On February 6, music fans around the world will celebrate what would have been the 70th birthday of reggae superstar Bob Marley. Although he was felled by cancer more than three decades ago, his legacy highlights pop culture’s impact on national identities and even on economies, says Jamaican radio host and culture critic Dermot Hussey, co-author of Bob Marley: Reggae King of the World.
“Marley came at a time when sometimes you wondered whether people were looking for that kind of a persona and he fulfilled that need. He was very humble, modest, passionate, and very determined. He wrote great music, great songs,” Hussey told me in an interview about Jamaica’s creative industries.
Marley, a farm boy from Saint Ann Parish, gained popularity with his lively rock steady rhythm, a precursor of reggae, just as Jamaica and other British colonies were gaining independence in the early 1960s.
Hussey contends that while Marley was a towering figure of 20th century culture, many artists in Jamaica and other parts of the post-colonial world raised themselves up with reggae’s socially conscious sound and lyrics.
“The music had a beat that most people find seductive. The messages were messages that people could understand – social deprivation, social inequalities, and visually, it was very striking,” he said.
Indeed, Hussey owes much of his own success to the Jamaican media boom of the 1970s. His jobs as reporter at the Daily Gleaner, public relations specialist, production assistant on Rockers and radio producer on Radio Jamaica gave him decades of unprecedented access to stars such as Marley.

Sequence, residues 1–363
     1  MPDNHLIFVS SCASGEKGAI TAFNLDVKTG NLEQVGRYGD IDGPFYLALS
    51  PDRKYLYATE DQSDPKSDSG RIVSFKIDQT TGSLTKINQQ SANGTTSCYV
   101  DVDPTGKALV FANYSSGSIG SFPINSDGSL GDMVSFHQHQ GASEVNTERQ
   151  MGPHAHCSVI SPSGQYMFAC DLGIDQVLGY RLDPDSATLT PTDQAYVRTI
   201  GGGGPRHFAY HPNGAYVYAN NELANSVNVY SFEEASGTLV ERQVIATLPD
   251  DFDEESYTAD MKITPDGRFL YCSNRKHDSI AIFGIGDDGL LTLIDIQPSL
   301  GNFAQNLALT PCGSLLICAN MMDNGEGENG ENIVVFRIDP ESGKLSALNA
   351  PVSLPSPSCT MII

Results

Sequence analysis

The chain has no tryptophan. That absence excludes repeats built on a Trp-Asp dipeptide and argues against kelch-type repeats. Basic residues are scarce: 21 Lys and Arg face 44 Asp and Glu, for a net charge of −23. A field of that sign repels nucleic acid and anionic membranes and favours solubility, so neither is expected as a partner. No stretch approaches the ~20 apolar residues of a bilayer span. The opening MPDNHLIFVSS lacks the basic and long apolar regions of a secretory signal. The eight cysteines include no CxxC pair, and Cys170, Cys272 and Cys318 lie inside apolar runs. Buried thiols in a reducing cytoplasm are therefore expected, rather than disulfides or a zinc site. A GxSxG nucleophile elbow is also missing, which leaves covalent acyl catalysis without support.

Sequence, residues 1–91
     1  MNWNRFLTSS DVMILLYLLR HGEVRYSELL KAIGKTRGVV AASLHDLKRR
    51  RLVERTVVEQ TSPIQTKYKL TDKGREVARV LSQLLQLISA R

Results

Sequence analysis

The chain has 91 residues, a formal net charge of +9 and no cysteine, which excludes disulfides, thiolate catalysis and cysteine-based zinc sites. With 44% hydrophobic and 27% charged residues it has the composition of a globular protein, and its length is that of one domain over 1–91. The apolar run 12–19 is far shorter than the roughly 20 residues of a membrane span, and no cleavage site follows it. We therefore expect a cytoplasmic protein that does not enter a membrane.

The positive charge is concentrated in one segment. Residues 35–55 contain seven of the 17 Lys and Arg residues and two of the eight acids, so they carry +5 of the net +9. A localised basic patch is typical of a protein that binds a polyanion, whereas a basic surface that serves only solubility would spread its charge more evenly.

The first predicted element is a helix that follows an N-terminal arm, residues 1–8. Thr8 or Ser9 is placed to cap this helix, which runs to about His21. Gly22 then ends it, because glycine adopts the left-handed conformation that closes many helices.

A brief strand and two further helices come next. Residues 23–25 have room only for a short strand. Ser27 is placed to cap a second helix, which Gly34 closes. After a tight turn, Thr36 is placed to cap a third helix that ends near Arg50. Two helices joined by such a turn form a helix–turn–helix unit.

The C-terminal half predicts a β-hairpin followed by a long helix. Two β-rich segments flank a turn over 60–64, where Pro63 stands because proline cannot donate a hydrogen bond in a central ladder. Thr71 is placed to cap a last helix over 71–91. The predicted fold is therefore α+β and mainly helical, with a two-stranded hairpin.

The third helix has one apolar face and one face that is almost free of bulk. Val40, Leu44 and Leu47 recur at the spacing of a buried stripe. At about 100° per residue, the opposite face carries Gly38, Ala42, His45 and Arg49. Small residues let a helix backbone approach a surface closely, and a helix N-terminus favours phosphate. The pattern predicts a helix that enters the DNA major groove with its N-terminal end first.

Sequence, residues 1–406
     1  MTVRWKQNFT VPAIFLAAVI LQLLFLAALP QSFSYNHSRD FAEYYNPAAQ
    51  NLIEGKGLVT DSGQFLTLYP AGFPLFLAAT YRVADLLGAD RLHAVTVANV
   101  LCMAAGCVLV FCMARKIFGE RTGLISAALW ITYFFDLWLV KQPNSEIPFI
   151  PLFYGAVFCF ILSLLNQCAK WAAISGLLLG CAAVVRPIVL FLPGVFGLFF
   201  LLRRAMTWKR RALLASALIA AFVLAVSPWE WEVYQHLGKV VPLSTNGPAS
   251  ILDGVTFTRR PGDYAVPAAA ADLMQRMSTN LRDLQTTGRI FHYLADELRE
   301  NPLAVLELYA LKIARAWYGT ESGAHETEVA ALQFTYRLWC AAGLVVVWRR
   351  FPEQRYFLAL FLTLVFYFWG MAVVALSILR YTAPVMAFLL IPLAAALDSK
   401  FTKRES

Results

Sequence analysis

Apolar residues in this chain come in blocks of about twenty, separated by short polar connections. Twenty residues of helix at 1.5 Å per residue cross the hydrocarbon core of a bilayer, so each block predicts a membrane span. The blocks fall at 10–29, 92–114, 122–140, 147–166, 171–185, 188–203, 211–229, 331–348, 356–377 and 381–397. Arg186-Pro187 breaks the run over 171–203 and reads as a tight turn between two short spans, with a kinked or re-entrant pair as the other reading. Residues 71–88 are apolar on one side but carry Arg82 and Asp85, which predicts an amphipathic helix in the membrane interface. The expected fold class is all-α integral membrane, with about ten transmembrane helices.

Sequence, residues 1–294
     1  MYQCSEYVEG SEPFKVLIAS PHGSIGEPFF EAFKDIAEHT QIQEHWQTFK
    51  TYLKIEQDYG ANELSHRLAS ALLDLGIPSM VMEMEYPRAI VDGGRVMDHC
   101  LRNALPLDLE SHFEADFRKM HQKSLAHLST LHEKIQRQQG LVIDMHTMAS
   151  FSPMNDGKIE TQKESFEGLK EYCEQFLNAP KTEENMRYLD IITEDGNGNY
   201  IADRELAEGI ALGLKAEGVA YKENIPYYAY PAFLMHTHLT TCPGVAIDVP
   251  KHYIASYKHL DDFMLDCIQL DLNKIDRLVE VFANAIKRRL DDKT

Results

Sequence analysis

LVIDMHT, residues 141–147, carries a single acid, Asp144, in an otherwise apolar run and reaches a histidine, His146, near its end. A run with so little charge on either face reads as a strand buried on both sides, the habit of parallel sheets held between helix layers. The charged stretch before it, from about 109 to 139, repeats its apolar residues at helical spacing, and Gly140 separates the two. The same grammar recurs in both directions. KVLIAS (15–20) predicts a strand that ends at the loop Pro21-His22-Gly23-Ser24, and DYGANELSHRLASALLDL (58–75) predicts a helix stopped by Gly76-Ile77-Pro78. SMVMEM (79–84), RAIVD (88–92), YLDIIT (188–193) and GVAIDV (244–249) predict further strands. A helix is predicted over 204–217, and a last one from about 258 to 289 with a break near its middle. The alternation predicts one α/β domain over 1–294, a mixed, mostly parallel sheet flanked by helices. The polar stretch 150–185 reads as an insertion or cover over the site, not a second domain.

Hussey is still firmly rooted in his heritage, working since 2000 for Sirius XM, a satellite radio broadcaster in Washington, DC. He served as Sirius’ director and is now the host of Real Jazz and the reggae program The Joint. He also keeps a close link to Jamaica through his web radio program RIFFIN.
Hussey has mixed feelings about the commodification of pop culture through tourism and entertainment. While Bob Marley’s estate is worth an estimated $130 million, many artists struggle to make a living and to defend their intellectual property.
“There’s good and bad in the dispersion of any kind of culture. A lot of people don’t see themselves as artists. The primary function is survival. It was quite a time, for instance, before reggae was played on a soundtrack or a Rastafarian could appear in a Jamaican film or commercial,” he said.
So how can Jamaicans move from surviving to thriving?
“Better governance. Better leadership,” Hussey said, noting that job training, agricultural reforms, and stronger links to international markets could help more Jamaicans to harness their unique culture in an authentic way.